2) Let first drafts happen. They are going to be rough, imperfect, sometimes even bad. That’s fantastic. It means you have something to work with, something to improve on. Don’t paralyze yourself on the third page thinking “this is crap, I can’t use any of this.” Just go back to number one and use it until the draft is done.

Believe in yourself, folks. Don’t let the writing police scare you away. Write what you want to write.

-Emily

Dialogue Tags

Everywhere I look, people are making rules about dialogue tags. If you aren’t familiar with the term, it means words like said and whispered that come before or after dialogue. Let me tell you, some of these “rules” really tick me off!

First of all, writing isn’t a one-size-fits-all endeavor. There are as many different styles as there are writers. Who should be telling me how to write? Me. Sure, there are really good articles and posts about how to IMPROVE your writing, but strict rules aren’t going to do it.

Rule number one that irks me is “only use said.” On the one hand, I can see the value of this. It can help us be more conscious of showing readers how characters feel (by giving more description of their actions) and I will admit, I’ve read books that only use said and it doesn’t bother me, as a reader. By the same token, I love reading books that use all sorts of dialogue tags – I really think it helps to express the mood and tone. And, if someone is twenty feet away, they don’t speak at a normal tone (which is how said is in my mind) so you need something different (like called or yelled – though yelled to me expresses a different emotion as well).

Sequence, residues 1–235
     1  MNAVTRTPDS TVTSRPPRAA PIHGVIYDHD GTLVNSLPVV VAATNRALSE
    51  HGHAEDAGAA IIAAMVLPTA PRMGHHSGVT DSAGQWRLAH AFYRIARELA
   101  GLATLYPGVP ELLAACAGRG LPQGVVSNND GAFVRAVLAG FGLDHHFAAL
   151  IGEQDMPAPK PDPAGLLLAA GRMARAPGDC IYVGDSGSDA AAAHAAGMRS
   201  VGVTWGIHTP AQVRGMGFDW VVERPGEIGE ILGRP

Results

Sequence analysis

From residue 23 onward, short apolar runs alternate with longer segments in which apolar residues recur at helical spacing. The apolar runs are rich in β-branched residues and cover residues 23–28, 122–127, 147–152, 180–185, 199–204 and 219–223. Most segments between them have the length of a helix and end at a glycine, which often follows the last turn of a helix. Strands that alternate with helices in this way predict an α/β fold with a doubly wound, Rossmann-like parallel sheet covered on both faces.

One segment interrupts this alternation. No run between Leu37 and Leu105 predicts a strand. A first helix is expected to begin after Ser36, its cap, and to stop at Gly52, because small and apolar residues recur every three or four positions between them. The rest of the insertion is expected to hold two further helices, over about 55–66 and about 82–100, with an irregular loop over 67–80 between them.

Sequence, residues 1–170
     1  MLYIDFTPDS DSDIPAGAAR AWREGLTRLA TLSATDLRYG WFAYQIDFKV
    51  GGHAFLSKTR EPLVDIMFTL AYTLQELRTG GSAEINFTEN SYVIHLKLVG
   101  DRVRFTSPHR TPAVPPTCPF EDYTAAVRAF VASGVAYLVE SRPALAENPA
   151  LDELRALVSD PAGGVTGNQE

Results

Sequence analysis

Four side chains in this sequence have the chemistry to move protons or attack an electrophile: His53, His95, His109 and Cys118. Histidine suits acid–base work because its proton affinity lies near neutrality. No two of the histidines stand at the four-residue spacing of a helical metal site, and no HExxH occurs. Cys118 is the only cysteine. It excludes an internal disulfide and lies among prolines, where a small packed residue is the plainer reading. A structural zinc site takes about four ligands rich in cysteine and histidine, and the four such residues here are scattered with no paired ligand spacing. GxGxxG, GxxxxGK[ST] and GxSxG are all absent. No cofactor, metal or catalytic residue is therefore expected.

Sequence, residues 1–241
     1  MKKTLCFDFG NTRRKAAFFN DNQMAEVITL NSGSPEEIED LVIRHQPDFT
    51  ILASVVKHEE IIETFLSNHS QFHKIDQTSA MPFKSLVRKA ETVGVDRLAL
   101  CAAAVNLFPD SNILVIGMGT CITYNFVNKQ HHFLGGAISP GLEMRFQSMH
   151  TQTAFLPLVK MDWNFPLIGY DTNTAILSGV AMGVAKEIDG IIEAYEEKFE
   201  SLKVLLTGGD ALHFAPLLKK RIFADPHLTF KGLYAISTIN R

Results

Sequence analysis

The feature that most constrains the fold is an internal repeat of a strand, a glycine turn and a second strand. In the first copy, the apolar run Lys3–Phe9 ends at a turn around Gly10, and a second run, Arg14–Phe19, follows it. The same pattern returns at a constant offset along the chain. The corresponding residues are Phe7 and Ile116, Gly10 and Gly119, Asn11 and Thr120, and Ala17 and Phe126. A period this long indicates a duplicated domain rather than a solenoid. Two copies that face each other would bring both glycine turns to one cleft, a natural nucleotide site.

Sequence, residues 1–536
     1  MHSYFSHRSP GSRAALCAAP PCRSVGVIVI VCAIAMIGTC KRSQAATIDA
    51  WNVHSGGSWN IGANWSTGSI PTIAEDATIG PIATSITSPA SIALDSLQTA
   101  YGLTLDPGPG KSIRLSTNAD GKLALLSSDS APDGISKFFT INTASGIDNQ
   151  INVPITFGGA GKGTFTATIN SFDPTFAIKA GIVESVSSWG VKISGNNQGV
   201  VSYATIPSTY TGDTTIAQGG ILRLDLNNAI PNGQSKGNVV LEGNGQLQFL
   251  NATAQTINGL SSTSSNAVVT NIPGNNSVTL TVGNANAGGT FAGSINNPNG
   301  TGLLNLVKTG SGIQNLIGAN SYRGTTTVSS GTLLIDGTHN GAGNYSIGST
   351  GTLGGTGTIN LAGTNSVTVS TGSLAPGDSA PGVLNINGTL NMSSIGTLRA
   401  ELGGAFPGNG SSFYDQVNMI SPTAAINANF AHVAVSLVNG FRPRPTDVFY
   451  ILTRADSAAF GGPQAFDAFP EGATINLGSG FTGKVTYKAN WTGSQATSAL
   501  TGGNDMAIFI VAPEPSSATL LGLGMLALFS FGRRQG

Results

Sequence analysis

Another “rule” that I dislike is not using tags that cannot be done. As in, don’t use tags like hiss, growl, snarl, and so on. Many of the people who are making up these rules say that we shouldn’t use these tags because people cannot hiss, growl, or snarl. While that is up for debate (I mean, we don’t growl like dogs do but we have equivalent vocalizations), these tags can add to the story. If the scene is supposed to be quick-paced, saying that a character hissed something is much better than trying to describe minute facial expressions (though of course, I’m sure someone excels at describing those expressions and keeping the tension of the scene up – but it isn’t me).

The last “rule” I will mention in regards to dialogue tags is that many people say don’t use adverbs to modify the tag. Adverbs can be overused, I won’t deny it. I overuse adverbs, I know that. But I also know that they can be useful. For instance, sometimes people talk quietly without whispering or murmuring or muttering. Sometimes we have to use adverbs to successfully set the mood and tone.

My point is, as I said in a previous post, don’t let someone else dictate how you write. Learn everything you can about the craft, but when it comes down to it write the way you want. It will feel more natural and it will make you feel better about yourself.

Take care, fellow travelers.

What’s up With all the Rules?

Following somebody else’s rules on writing isn’t going to make you better. Sure, read all you can about developing your skills and go ahead and read those (arbitrary) rules. But take them with a grain of salt. Writing is creative. Writing is subjective. Just because you din’t follow the rules doesn’t mean you are a bad writer. The people who make rules for writing base those rules on what they write. Be unique.

Take care, fellow travelers.